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In this three-volume biography, we revisit the life and accomplishments of the revolutionary scientist, Donald R. Griffin. He encountered a lifetime of initial hostile resistance to his ideas and studies; now they are largely accepted. He and a colleague discovered the phenomenon of echolocation used by bats to navigate and capture insects, proposed that birds navigate guided by such cues as the sun and stars, and suggested that animals are likely aware, thinking and feeling beings. Forty interviews with his colleagues and friends help us understand the young emerging scientist and the mature researcher. We learn about his and others’ research up to the present times. We gain insights into his thinking and the rigors and delights of fieldwork. Efforts to promote animal well-being intrinsically depend upon the insights from his groundbreaking ideas.

The first volume describes the young Griffin as a child enthusiastically exploring nature near his Cape Cod home; keeping “scientific “journals of his animal observations; and as a teenager enticing others to join him in banding thousands of birds for his migration studies. He creates a very local scientific society with its own “professional" publication about nature in Cape Cod.. As a teenager, he has his first publication in a bona fide professional scientific journal. The reserved New England culture and tales of his impressive ancestors all influence the young Griffin.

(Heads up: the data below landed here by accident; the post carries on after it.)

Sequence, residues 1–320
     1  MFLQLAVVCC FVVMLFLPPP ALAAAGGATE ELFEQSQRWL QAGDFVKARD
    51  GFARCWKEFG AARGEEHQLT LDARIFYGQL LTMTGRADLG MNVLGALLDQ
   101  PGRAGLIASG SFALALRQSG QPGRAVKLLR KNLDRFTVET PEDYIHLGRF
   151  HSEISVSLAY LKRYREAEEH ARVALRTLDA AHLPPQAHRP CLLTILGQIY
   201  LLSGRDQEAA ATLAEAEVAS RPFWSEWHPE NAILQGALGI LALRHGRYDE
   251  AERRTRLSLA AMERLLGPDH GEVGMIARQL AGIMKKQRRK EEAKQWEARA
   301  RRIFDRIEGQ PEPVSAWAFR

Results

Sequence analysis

As Harvard undergraduates, he and his friend, Robert Galambos, make the stupendous discovery that bats emit ultrasonic sounds and start their quest to discover why? Later, war-related studies at Harvard allow Griffin to learn about radar and instrumentation that become essential to his future echolocation research.

His first faculty position at Cornell and then at Harvard provide improved finances to support his wife and growing family and to continue his work on avian navigation and bat sonar. To track the birds, he learns to fly. To his astonishment, he discovers that bats use echolocation to find and capture tiny insects, not just to navigate. However, there are few believers in these discoveries. Following the path of von Humboldt in Venezuela, he discovers birds that echolocate. He becomes embroiled in controversy: not only about bats’ echolocation abilities, but also, for lack of definitive evidence, his resistance to accepting animals’ magnetic sensing. But the field of echolocation blossoms. His many musings and discoveries find further verification in modern research.


Global-No Country - 1

Publication Date



WellBeing International


Chevy Chase


animals, bird banding, bats, ultrasound, echolocation, military research, bat bomb, Cornell, Harvard, magnetoreception, New England, Cape Cod, nature


Animal Studies | Behavioral Neurobiology | Cognitive Neuroscience | Cognitive Science | Social and Behavioral Sciences

The Scientist who Discovered Bat Sonar and the Minds of Animals. Donald R Griffin: A Revolutionary. Volume 1